Hastings woman’s book recalls World War IIShe lived it and now she is writing about the World War II years. Hastings resident Yvonne Cecchini’s latest book, “The Seabee and His Sidekick … A Tale of World War II,” is dedicated to her uncle Ed Nesbitt who was a Seabee. He was also the major male role model for Cecchini after her father died when she was a child.
By: Jane Lightbourn, The Hastings Star-Gazette
She lived it and now she is writing about the World War II years.
Hastings resident Yvonne Cecchini’s latest book, “The Seabee and His Sidekick … A Tale of World War II,” is dedicated to her uncle Ed Nesbitt who was a Seabee. He was also the major male role model for Cecchini after her father died when she was a child.
Most of the book is written from a child’s viewpoint. Cecchini lived with her mother in Washington, D.C., during World War II. How she and her mother survived those years, the patriotism, and her uncle’s influence in her life is the book.
It was a book she had to write, said Cecchini. And she had to bring more awareness about the Seabees to readers.
“There’s been so little written about the Seabees,” she said. “And the Seabees deserve some recognition.
“My uncle is so deserving of some recognition too,” she said. “Here was someone who gave up his bachelor pad to move in with my mother and me after my father died.”
But few people know about the Seabees and what they did during the nation’s wars.
The Seabees have built entire bases, bulldozed and paved thousands of miles of roads and airstrips, and accomplished a number of construction projects.
The Naval Construction Battalions were established in 1941. They were recruited from the civilian construction trades and were placed under the leadership of the Navy’s Civil Engineer Corps. The average age was 37 – Cecchini’s uncle was 40 when he joined. He stayed in the unit for three years.
More than 325,000 men served with the Seabees in World War II, fighting and building on six continents and more than 300 islands. In the Pacific, where most of the construction work was needed, the Seabees landed soon after the Marines and built major airstrips, bridges, roads, warehouses, hospitals, gasoline storage tanks and housing.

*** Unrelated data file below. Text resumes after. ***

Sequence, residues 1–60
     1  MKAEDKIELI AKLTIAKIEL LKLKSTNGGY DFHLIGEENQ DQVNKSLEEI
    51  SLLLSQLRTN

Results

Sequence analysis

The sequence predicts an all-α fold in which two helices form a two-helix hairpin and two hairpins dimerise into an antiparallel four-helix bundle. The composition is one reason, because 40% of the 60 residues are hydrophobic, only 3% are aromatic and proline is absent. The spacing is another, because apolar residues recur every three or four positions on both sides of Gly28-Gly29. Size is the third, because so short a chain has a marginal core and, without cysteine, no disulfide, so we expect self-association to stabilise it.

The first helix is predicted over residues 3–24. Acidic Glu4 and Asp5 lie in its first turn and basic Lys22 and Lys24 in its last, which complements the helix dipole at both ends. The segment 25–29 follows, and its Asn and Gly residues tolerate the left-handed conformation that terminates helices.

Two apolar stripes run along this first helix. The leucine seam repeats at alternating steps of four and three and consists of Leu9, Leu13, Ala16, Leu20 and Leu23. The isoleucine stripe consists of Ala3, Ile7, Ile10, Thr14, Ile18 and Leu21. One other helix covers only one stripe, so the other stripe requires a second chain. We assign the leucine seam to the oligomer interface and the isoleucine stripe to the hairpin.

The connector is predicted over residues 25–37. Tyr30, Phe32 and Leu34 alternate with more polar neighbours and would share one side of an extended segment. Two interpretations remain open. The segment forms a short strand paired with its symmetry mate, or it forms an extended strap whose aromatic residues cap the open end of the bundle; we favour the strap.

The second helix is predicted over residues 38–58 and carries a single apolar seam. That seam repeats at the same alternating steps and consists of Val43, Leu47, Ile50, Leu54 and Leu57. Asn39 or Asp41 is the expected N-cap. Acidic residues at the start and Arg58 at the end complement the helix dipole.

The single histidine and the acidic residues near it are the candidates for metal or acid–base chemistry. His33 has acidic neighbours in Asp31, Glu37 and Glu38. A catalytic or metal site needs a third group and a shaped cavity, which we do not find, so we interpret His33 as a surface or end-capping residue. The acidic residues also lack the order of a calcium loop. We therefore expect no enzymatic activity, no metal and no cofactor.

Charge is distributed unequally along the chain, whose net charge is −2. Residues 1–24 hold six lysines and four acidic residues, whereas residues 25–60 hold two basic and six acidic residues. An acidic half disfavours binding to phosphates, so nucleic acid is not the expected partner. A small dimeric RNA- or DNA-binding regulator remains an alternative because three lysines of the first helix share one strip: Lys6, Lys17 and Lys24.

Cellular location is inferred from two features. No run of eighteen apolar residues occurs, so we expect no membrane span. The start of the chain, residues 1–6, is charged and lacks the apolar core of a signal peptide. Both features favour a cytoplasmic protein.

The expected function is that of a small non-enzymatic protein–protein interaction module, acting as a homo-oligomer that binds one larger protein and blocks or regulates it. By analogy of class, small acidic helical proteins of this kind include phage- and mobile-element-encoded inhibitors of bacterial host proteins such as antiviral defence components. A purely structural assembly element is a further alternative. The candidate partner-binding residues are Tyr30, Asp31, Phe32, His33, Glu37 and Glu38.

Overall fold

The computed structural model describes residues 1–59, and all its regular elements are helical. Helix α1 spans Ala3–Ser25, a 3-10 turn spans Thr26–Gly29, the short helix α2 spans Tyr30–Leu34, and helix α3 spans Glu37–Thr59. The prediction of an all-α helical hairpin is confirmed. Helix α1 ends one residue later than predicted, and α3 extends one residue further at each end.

Much of her uncle’s years in the Seabees is revealed through stories in the book, stories Cecchini was able to tape-record during one of her uncle’s visits to Minnesota.
“We talked for two days,” she recalled.
Writing the book was the easy part; getting it published was more challenging.
“Writing it was a joy,” said Cecchini. “I’ve written other stories for children, poetry, memoirs.”
When she moved to the area, she joined the Southside writer’s group, which meets Saturday morning at the Wescott Library in Egan. Many of the attendees have also been published; they share tips and support.
Cecchini rewrote her book four times, which she considered the normal number. Before finally having the book published at Farmington Printing, Cecchini worked with two different companies in Colorado, with less than satisfactory results.
But she was determined to get the book published.
“I had to get this information recorded for others to know about the Seabees,” she said.
She has her own website: www.seabeeandsidekick.info and can be contacted at seabeeandsiekick@gmail. com.
The books are $9.95 each plus shipping ($2.50 for first book, $1.50 for each additional book) can be ordered by sending check to Box 94, Hastings MN 55033.